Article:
Caramel Custard Pudding

Caramel-Custard Pudding

A popular Japanese-style pudding, so smooth and creamy. I first tasted this pudding few months ago, T brought back some from Japan. Obviously, it is one of T's favourite desserts. Other Japanese desserts he likes including green tea mochi with red bean filling, you kann, and egg shape sponge cake with sesame paste filling. Now, they are all my favourite too. J loves some of those as well, he has tasted custard pudding and egg shape sponge cake so far. I fed him some pudding in the evening, he cried for more!

This custard pudding is so easy to make, with simple ingredients that are always available in the pantry. If you don't have a steamer, you can steam it in the oven using water bath method.

Ingredients (makes 6):

Caramel:
40g sugar
10ml hot water

Custard:
200ml fresh milk
10g sugar
½ tsp vanilla essence

1 whole egg
2 egg yolks
30g sugar

Methods: Please refer to step-by-step pictorial guide here. (updated on 15 Sep 2010)

  1. Caramel: Melt sugar in a sauce pan, stir until golden brown. Once it starts bubbling, stir in hot water then remove from heat.
  2. Lightly grease the moulds, then fill each mould with about 1 teaspoon of caramel. Swirl the mould to coat bottom of mould when the caramel is still hot. Set aside for later use.
  3. Custard: Bring together milk and sugar, bring to boil on low heat then stir in vanilla essence. Turn the heat off and set aside for later use.
  4. In a mixing bowl, lightly whisk eggs with sugar. Then pour in milk in stream, whisk rapidly until well blended.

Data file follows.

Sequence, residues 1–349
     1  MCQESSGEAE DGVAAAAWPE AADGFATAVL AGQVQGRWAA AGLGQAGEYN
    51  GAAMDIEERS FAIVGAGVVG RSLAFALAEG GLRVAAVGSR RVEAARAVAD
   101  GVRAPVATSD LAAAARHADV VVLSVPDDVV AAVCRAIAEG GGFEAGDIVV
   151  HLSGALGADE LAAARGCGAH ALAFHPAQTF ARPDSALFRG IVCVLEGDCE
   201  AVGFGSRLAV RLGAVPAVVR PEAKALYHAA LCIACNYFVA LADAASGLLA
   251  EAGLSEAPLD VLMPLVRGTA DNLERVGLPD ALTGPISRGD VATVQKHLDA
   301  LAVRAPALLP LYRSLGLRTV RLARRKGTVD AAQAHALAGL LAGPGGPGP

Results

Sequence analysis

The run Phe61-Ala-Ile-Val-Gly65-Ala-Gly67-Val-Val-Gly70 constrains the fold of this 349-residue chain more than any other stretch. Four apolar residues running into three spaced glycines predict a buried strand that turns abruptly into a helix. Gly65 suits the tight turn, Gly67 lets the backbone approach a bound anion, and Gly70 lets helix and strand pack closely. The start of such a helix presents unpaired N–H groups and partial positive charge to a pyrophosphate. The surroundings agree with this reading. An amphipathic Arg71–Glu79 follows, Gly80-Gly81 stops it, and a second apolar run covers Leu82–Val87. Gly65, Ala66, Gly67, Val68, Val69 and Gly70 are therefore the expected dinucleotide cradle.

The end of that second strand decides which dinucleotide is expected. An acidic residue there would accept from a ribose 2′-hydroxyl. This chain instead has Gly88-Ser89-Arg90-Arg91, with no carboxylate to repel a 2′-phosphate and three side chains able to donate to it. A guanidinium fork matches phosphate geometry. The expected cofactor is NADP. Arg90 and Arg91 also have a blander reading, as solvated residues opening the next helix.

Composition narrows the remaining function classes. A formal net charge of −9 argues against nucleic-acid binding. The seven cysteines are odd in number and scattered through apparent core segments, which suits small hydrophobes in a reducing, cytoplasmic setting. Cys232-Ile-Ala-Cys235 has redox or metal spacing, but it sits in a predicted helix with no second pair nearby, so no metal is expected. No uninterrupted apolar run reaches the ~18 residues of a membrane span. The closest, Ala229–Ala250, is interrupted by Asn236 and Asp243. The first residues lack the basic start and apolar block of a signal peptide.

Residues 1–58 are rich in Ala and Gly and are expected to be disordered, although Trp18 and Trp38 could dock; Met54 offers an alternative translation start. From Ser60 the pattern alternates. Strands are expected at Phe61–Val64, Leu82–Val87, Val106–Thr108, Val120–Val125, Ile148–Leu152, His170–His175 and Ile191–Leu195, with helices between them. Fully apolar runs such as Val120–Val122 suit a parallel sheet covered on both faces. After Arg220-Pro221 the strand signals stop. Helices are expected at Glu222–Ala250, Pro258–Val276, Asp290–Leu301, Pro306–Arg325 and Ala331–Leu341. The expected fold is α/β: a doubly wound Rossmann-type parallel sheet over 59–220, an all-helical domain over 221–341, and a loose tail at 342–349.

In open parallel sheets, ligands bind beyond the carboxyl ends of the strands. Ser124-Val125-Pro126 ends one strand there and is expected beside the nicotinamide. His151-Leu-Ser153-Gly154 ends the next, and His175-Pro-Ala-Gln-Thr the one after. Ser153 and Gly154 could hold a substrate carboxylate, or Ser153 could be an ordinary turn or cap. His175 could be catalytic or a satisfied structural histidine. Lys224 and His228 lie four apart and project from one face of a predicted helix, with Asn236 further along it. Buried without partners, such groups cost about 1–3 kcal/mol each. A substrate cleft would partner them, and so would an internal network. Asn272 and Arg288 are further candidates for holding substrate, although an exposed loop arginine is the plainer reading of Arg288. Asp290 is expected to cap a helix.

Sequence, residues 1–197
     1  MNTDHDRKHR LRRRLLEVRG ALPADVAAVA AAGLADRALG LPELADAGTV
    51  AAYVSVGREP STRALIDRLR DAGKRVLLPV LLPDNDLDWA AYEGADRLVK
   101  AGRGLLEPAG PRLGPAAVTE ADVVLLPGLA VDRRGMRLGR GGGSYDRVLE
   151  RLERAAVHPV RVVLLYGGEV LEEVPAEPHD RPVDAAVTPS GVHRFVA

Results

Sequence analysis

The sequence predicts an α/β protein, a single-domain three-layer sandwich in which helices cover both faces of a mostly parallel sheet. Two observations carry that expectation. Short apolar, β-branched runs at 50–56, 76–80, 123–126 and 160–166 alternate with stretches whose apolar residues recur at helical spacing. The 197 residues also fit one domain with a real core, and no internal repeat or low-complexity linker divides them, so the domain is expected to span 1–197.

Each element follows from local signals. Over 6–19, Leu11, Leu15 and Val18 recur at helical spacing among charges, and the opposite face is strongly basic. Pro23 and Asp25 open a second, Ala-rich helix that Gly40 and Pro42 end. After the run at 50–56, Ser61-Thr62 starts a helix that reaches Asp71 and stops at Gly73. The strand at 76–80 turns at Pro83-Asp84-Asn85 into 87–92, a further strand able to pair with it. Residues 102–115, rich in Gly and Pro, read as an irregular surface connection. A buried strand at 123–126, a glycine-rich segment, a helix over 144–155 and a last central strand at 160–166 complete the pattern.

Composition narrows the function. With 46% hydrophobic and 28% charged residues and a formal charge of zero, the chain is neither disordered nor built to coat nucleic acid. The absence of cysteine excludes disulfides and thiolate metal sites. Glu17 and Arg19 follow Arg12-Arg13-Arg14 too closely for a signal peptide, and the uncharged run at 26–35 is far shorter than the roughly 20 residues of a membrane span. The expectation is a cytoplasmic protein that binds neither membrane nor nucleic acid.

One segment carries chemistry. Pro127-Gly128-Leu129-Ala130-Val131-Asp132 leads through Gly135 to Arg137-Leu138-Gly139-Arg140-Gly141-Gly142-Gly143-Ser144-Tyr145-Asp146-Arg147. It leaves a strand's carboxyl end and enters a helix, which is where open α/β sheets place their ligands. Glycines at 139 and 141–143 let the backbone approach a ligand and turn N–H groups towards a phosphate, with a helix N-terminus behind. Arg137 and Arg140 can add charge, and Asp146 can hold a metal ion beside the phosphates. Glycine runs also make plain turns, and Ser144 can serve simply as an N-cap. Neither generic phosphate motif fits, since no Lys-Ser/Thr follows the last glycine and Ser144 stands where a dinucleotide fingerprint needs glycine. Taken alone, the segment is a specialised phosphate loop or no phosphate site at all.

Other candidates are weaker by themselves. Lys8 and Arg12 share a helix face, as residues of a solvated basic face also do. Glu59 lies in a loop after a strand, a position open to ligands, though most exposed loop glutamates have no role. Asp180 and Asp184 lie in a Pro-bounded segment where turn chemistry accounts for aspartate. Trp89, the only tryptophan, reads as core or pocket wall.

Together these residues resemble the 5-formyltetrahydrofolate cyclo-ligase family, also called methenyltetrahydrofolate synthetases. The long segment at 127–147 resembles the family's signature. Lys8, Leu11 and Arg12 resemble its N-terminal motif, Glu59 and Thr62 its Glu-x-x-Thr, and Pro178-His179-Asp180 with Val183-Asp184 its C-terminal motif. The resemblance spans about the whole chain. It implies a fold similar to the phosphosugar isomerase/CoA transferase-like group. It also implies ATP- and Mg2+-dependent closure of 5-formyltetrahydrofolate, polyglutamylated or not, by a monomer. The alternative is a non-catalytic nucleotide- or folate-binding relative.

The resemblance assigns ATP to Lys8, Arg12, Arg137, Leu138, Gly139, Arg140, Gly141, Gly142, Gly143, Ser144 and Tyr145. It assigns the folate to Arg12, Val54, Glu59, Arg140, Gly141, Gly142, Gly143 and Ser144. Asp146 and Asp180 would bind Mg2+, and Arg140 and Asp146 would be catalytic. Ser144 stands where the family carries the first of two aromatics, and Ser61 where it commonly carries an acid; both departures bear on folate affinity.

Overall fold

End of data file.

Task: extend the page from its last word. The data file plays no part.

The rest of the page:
5. Strain the mixture then fill each mould with mixture, and steam on low heat for 15-20 minutes. If using oven, place moulds in a tray then fill tray with water. Cover tray with aluminium foil. Bake at preheated oven, 140ºC for 25-30 minutes.
  6. Turn the heat off, let puddings stay in the steamer or oven for further 10 minutes.
  7. Chill before serving.

Tips:

To produce smooth texture custard, the mixture must be strained to remove bubbles then pour into mould gently.

* * *

Double Rainbow

Double rainbows before storm hit Penang Island.

Comments :

69 comments to “Caramel Custard Pudding”
mycookinghut said...
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Ahh. this is like creme caramel - the french dessert.. I absolutely love this.. I love the caramel... yumm...

Laura said...
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Did you make your own caramel or is it ready made?

limpepsi said...
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Lucky, 2 rainbows! This means Penang is quite clean. I saw 3 rainbows in Norway as well.

Lydia said...
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Leemei,
I think lots of Japanese desserts are adapted from French. This is a really simple and yummy dessert, would make it for party soon.

Laura,
I made my own caramel, it is easy to make and only small amount is needed.

pepsi,
Wow... 3 rainbows!

Diane said...
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Hi, I want to try out this out it looks great but what do you mean specifically when you say mold like do I have to put it in a special container or will a plastic cup work?

Lydia said...
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Diane,